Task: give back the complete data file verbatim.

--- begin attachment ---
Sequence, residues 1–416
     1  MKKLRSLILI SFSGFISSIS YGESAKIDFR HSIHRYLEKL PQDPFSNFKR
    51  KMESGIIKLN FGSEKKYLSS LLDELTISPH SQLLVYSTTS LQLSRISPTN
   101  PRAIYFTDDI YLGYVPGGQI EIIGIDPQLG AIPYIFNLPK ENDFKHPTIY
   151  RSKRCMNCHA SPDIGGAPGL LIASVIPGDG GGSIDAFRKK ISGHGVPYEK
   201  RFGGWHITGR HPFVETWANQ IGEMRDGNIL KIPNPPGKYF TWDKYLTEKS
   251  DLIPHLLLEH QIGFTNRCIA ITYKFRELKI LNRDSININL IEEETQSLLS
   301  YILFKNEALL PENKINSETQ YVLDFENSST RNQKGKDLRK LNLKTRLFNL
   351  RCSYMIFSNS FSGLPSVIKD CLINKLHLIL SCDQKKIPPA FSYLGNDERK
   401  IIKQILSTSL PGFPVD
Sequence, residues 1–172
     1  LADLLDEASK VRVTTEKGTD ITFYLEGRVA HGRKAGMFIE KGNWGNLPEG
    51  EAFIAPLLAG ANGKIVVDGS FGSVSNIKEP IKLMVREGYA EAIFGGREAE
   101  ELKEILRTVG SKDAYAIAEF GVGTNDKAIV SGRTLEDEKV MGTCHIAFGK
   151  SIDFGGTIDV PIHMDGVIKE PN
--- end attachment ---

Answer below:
Sequence, residues 1–416
     1  MKKLRSLILI SFSGFISSIS YGESAKIDFR HSIHRYLEKL PQDPFSNFKR
    51  KMESGIIKLN FGSEKKYLSS LLDELTISPH SQLLVYSTTS LQLSRISPTN
   101  PRAIYFTDDI YLGYVPGGQI EIIGIDPQLG AIPYIFNLPK ENDFKHPTIY
   151  RSKRCMNCHA SPDIGGAPGL LIASVIPGDG GGSIDAFRKK ISGHGVPYEK
   201  RFGGWHITGR HPFVETWANQ IGEMRDGNIL KIPNPPGKYF TWDKYLTEKS
   251  DLIPHLLLEH QIGFTNRCIA ITYKFRELKI LNRDSININL IEEETQSLLS
   301  YILFKNEALL PENKINSETQ YVLDFENSST RNQKGKDLRK LNLKTRLFNL
   351  RCSYMIFSNS FSGLPSVIKD CLINKLHLIL SCDQKKIPPA FSYLGNDERK
   401  IIKQILSTSL PGFPVD
Sequence, residues 1–172
     1  LADLLDEASK VRVTTEKGTD ITFYLEGRVA HGRKAGMFIE KGNWGNLPEG
    51  EAFIAPLLAG ANGKIVVDGS FGSVSNIKEP IKLMVREGYA EAIFGGREAE
   101  ELKEILRTVG SKDAYAIAEF GVGTNDKAIV SGRTLEDEKV MGTCHIAFGK
   151  SIDFGGTIDV PIHMDGVIKE PN